FSBO Woes: Why It's So Hard to Sell Your Own Home
“Copyright 2008 Marcie Geffner. All rights reserved.
Used by permission of copyright owner.”

For most people, a for-sale-by-owner (FSBO) transaction simply isn't in the cards.

By Marcie Geffner

Granted, some people are able to sell their own homes without the
services of a real estate agent. Some of these successful do-it-
yourselfers are very experienced home sellers. Others are transferring
ownership of their home to a child, a coworker or a tenant who's
already living in the home. These circumstances are the exception, not
the norm, however. For most people, a for-sale-by-owner (FSBO)
transaction simply isn't in the cards.  Here are five reasons why!!

1. FSBOs can't list their home in the MLS. FSBOs aren't permitted to put
their home in the multiple listing service (MLS) because these industry
membership organizations are open only to licensed real estate brokers
and agents. FSBOs are also locked out of many home search engines
and Web sites, including the gigantic Realtor.com. Sure, a determined
FSBO can put a for-sale sign in his or her front yard and run a tiny
advertisement in the local newspaper, but the home won't receive
nearly as much exposure as it would through the MLS.

2. Agents won't show FSBO homes. In a typical home sale, the buyer's
agent receives a percentage of the commission that the seller pays the
listing agent. Without a listing agreement, there's no guarantee that the
buyer's agent will be compensated for his or her services, unless the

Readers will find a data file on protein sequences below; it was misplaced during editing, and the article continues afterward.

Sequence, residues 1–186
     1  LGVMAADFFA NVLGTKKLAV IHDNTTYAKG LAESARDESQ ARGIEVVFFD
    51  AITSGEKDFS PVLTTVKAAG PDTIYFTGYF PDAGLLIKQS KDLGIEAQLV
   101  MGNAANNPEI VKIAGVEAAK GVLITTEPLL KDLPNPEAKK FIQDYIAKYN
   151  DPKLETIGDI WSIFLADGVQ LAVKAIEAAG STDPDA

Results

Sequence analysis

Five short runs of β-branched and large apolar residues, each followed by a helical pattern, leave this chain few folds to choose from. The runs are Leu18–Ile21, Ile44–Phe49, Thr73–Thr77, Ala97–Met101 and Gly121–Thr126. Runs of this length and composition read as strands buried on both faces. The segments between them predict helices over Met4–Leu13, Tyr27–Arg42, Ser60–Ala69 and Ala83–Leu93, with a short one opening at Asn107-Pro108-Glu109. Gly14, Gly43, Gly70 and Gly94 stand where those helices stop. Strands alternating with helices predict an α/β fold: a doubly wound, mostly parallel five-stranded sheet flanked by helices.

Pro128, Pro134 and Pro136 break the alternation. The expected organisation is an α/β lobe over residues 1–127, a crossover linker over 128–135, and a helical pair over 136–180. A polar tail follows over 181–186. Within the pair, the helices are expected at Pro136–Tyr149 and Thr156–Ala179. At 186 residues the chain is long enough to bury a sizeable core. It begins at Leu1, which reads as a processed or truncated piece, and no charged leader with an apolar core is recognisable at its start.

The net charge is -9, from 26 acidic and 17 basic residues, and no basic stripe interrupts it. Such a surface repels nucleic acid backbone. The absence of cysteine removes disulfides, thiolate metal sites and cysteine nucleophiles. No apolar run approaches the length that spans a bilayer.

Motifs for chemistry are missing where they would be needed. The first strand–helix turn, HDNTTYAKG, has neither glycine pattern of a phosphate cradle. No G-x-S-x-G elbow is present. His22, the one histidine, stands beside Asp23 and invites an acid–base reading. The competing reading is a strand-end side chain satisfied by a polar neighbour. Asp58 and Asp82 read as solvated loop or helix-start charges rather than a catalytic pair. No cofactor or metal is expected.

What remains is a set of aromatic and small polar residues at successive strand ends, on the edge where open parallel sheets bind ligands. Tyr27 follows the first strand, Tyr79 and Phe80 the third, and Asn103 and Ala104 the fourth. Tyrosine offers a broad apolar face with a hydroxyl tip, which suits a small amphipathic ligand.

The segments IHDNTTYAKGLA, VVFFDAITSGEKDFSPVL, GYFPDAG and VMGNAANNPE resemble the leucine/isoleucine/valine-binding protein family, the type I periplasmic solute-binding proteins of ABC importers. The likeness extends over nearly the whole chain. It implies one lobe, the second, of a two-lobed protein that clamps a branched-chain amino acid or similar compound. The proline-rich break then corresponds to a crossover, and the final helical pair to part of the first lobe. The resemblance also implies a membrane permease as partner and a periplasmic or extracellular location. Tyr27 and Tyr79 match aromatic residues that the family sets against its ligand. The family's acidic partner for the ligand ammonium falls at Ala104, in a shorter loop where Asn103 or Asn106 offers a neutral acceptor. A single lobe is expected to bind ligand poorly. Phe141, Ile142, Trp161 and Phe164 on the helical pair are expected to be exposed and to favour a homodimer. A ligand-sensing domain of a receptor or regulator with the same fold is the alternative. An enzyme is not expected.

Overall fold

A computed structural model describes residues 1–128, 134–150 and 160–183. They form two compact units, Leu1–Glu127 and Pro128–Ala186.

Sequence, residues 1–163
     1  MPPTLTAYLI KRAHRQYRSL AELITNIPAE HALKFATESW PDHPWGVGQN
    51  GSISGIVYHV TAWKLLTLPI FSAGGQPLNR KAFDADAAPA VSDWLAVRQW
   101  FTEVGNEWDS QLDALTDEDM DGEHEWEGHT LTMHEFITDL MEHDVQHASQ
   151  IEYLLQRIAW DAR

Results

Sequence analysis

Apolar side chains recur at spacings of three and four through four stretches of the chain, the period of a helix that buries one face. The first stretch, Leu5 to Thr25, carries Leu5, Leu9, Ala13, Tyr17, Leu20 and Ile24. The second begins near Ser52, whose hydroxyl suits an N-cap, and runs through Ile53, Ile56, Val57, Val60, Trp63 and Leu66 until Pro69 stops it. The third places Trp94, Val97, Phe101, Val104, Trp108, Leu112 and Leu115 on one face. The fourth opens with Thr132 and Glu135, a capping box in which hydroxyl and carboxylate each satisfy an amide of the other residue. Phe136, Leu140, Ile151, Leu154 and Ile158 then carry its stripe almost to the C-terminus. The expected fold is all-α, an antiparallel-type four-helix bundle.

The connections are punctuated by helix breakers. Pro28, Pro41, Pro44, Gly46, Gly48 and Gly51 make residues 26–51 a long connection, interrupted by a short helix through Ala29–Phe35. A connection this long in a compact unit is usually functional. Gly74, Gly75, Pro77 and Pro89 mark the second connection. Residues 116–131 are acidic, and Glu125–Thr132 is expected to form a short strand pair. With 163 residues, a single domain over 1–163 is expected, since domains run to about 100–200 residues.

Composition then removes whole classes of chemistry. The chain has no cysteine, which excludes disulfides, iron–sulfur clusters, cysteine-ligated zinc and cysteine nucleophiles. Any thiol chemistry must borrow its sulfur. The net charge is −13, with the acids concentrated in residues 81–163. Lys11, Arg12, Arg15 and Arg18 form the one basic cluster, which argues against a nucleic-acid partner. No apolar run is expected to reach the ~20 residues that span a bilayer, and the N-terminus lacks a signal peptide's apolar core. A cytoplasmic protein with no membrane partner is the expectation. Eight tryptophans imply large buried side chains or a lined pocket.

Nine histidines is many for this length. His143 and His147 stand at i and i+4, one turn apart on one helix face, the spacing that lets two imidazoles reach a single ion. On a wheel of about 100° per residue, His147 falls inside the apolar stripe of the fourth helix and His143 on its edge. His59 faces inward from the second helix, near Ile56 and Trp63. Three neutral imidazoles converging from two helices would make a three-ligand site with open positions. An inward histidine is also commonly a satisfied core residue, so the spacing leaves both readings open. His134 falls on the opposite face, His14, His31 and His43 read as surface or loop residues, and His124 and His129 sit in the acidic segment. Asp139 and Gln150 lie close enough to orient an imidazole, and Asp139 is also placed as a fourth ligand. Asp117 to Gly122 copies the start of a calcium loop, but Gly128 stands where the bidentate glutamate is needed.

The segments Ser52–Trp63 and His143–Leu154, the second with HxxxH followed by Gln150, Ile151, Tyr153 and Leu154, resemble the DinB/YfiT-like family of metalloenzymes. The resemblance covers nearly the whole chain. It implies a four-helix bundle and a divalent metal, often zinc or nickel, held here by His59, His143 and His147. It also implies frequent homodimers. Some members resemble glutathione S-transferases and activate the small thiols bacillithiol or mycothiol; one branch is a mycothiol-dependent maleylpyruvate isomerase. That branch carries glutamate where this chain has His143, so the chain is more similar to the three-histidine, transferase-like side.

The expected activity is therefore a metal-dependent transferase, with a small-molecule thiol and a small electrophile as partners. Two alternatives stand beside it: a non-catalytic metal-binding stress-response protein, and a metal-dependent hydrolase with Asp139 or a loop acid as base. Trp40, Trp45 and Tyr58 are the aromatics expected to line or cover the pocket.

buyer has signed a buyer's brokerage agreement that specifically
provides for such compensation. Even if a FSBO offers to pay the
buyer's side of the commission, most agents won't want to go through
a transaction with an unsophisticated self-represented seller across the
table. That means the pool of potential buyers for FSBO homes is
limited primarily to unrepresented and probably unqualified prospects.

3. FSBOs usually overprice their home. Like most homeowners, most
FSBOs honestly believe their own home is worth more than comparable
homes in the same neighborhood. Usually, they're wrong. A real estate
agent can provide an update on market conditions, an assessment of
the likely selling price of the home and tips for improving the home's
buyer appeal. Overpricing a for-sale home is a sure way to deter
potential buyers.

4. Buyers will feel intimidated. Potential buyers will spend less time in a
for-sale home if the owner is present during the showing, and they'll be
shy about discussing its pluses and minuses with their own agent if the
owner is within earshot. Buyers will also be less inclined to make an
offer if they know they'll be negotiating directly with the seller. Having
an agent on each side creates an effective emotional buffer between
the seller and buyer.

5. FSBOs are likely to stumble into legal trouble. Real estate trnsactions
are fraught with potential liability for unwary sellers, particularly in
states that have extensive disclosure requirements (e.g., California). A
FSBO who overlooks even one required form or legally mandated
disclosure could face a protracted and expensive buyer lawsuit after
the transaction closes.

“Copyright 2008 Marcie Geffner. All rights reserved.
Used by permission of copyright owner.”
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